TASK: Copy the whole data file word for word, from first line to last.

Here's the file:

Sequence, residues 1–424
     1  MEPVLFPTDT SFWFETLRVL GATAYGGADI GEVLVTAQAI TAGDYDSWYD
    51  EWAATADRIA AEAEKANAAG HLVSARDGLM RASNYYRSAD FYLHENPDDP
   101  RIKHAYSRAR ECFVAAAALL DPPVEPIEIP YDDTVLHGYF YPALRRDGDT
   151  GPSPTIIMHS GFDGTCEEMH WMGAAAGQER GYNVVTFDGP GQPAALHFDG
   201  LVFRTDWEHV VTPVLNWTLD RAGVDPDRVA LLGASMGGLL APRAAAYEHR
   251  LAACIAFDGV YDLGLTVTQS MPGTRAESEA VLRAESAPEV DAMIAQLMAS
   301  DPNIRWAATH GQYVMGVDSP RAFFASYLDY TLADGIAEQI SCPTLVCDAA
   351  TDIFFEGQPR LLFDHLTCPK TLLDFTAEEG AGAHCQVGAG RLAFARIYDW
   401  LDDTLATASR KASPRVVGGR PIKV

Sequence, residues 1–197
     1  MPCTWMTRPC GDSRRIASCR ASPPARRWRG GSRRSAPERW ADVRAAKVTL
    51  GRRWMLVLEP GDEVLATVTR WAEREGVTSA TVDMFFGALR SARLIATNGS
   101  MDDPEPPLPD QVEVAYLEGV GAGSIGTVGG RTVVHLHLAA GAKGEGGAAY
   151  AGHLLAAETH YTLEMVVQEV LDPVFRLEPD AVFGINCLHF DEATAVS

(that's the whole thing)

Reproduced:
Sequence, residues 1–424
     1  MEPVLFPTDT SFWFETLRVL GATAYGGADI GEVLVTAQAI TAGDYDSWYD
    51  EWAATADRIA AEAEKANAAG HLVSARDGLM RASNYYRSAD FYLHENPDDP
   101  RIKHAYSRAR ECFVAAAALL DPPVEPIEIP YDDTVLHGYF YPALRRDGDT
   151  GPSPTIIMHS GFDGTCEEMH WMGAAAGQER GYNVVTFDGP GQPAALHFDG
   201  LVFRTDWEHV VTPVLNWTLD RAGVDPDRVA LLGASMGGLL APRAAAYEHR
   251  LAACIAFDGV YDLGLTVTQS MPGTRAESEA VLRAESAPEV DAMIAQLMAS
   301  DPNIRWAATH GQYVMGVDSP RAFFASYLDY TLADGIAEQI SCPTLVCDAA
   351  TDIFFEGQPR LLFDHLTCPK TLLDFTAEEG AGAHCQVGAG RLAFARIYDW
   401  LDDTLATASR KASPRVVGGR PIKV

Sequence, residues 1–197
     1  MPCTWMTRPC GDSRRIASCR ASPPARRWRG GSRRSAPERW ADVRAAKVTL
    51  GRRWMLVLEP GDEVLATVTR WAEREGVTSA TVDMFFGALR SARLIATNGS
   101  MDDPEPPLPD QVEVAYLEGV GAGSIGTVGG RTVVHLHLAA GAKGEGGAAY
   151  AGHLLAAETH YTLEMVVQEV LDPVFRLEPD AVFGINCLHF DEATAVS